Students attending postsecondary institutions in Kansas fall into two categories: Those who pay in-state tuition and those who pay out-of-state rates. The difference is significant. In-state rates are less than half what the non-resident pays.
In 2004, the Legislature decided any student who graduated from a Kansas high school and had lived in the state for at least three years qualified for in-state tuition rates -- regardless of residency status. Lawmakers then were under the impression it wasn't fair to punish children with higher tuition merely because their parents weren't legal citizens. The law didn't benefit a great number of Kansas kids, nor did it raise many objections. The grumbling that did occur dissipated after learning the state wasn't paying for the students to attend college.
A challenge to the status quo emerged this year, courtesy of a state official whose passion appears to make life as difficult as possible for immigrants. Secretary of State Kris Kobach was the lead supporter of repealing in-state tuition for Kansas students without legal residency.
"I think that is an absurd reverse incentive," Kobach said during House Bill 2192's hearing in front of the House Federal and State Affairs Committee. "If you follow the law, we're charging you three times more."
Kobach was referring to the fact Regents schools charge out-of-state tuition to students from foreign countries, and those youths need to obtain student visas. The "reverse incentive," in Kobach's mind, is that families entering the country illegally get a benefit they don't deserve.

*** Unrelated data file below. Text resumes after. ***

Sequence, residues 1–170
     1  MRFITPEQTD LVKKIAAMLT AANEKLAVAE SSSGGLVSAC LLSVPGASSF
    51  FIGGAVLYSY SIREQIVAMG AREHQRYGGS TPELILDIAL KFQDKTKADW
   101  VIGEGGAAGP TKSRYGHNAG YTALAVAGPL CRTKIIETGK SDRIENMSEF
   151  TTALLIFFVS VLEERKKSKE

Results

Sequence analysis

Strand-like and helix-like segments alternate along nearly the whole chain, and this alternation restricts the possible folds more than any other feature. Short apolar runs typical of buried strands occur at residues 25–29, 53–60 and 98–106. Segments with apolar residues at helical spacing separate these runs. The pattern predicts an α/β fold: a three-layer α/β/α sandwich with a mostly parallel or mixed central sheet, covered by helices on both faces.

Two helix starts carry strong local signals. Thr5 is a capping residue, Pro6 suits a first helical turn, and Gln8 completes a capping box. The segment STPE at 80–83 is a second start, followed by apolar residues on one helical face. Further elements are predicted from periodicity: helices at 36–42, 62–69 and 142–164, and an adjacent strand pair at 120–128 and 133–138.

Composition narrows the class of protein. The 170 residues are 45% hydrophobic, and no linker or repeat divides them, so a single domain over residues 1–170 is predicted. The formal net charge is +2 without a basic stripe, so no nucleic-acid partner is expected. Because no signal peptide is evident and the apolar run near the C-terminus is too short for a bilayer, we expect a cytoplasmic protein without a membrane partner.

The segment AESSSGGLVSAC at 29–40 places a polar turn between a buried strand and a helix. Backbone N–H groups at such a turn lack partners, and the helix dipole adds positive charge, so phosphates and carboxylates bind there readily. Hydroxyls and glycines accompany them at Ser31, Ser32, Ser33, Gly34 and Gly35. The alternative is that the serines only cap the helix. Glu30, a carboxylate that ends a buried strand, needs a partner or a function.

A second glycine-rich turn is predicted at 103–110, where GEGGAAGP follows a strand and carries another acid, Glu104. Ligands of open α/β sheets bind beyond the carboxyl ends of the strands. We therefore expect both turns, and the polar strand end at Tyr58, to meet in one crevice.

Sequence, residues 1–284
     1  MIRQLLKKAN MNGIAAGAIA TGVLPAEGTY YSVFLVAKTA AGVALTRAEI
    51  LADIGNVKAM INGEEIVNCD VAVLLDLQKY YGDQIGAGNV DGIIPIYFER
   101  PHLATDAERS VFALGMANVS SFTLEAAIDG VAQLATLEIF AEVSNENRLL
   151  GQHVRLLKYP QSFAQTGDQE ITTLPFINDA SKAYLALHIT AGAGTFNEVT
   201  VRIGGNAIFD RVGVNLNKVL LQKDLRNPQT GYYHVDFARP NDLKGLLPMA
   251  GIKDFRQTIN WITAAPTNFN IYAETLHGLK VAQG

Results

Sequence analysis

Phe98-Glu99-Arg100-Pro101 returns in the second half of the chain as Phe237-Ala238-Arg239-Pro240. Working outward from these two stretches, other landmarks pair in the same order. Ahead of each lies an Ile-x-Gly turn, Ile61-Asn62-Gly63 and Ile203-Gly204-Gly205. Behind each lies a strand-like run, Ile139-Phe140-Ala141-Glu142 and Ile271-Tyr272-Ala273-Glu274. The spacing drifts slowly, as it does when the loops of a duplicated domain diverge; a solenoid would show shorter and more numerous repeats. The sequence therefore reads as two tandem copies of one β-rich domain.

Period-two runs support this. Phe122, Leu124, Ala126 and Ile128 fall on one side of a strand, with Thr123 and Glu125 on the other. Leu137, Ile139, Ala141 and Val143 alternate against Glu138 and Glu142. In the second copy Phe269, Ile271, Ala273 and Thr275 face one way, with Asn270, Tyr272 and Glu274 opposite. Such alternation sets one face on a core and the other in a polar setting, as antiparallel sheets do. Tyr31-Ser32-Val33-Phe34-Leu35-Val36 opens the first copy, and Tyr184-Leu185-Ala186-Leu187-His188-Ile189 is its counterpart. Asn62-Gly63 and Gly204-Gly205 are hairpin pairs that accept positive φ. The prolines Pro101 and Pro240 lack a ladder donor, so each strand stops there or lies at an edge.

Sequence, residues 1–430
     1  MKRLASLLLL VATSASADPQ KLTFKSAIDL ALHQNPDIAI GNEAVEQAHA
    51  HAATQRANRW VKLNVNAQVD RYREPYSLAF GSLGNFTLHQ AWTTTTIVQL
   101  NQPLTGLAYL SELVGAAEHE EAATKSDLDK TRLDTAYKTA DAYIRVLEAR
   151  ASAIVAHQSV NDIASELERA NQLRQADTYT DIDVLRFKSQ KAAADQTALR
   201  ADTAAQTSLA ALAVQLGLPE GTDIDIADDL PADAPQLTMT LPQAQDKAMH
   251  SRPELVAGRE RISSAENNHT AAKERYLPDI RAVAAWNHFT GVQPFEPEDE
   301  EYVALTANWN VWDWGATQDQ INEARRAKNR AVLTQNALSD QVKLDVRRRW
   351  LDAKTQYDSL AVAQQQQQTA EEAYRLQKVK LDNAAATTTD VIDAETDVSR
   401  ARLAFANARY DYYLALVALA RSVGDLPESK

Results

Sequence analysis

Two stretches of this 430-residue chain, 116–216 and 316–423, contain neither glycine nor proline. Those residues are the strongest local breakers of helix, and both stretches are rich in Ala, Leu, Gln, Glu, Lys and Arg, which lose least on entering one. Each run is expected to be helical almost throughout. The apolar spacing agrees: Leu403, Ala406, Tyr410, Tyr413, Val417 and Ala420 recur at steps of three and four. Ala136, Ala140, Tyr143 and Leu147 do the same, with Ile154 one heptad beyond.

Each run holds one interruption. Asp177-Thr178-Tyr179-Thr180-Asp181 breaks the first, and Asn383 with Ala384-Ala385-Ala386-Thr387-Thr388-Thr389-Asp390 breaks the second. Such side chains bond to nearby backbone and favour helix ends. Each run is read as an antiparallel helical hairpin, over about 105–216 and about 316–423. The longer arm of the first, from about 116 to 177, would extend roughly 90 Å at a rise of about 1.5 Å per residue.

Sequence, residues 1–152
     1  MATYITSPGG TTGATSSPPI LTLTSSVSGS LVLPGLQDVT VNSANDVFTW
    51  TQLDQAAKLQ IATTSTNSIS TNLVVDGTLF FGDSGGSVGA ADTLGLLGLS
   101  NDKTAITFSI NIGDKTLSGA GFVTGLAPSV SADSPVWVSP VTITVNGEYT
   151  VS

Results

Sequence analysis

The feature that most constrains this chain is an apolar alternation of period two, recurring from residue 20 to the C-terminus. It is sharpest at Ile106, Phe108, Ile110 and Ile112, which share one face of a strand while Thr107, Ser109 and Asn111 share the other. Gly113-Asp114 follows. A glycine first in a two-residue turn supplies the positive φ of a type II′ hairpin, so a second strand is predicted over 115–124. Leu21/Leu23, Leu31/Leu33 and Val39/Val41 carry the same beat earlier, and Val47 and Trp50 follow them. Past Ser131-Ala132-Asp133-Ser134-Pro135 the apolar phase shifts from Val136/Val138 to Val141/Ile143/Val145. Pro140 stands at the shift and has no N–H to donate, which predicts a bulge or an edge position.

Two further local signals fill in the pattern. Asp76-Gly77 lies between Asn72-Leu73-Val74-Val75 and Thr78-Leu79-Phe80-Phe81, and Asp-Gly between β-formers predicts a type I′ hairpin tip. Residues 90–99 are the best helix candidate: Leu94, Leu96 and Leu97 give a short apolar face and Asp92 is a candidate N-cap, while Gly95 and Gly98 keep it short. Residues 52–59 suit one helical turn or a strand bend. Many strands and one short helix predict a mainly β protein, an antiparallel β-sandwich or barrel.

First of all, this year there are 630 immigrants paying in-state tuition. Of those, more than 500 attend community college. Is Secretary Kobach suggesting families enter the country and live here for three years for the primary purpose of getting discounts on two years' worth of community college? That is difficult to imagine.
We don't believe the secretary is looking at revenue-enhancements for the schools, either. If all 630 students were to switch to the higher rate, the incremental dollar gain would be $1.8 million. Of course, assuming those families merely were gaming the system, they wouldn't be in Kansas. The loss of those 630 college students would be $3.9 million.
It sounds as if Kobach, who sideline business is making life difficult for immigrants around the country, just wanted to stir things up some more in Kansas.
Thankfully, the House committee didn't bite. No action was taken on the bill.
And at least one lawmaker reframed the conversation in a manner we found refreshing. Rep. Ponka-We Victors, D-Wichita and the only Native American serving in the Legislature, offered this: "I think it's funny, Mr. Kobach, because when you mention illegal immigrant, I think of all of you."
We hope this is the last we hear about attempts to punish Kansas teens for the decisions of their parents.
Editorial by Patrick Lowry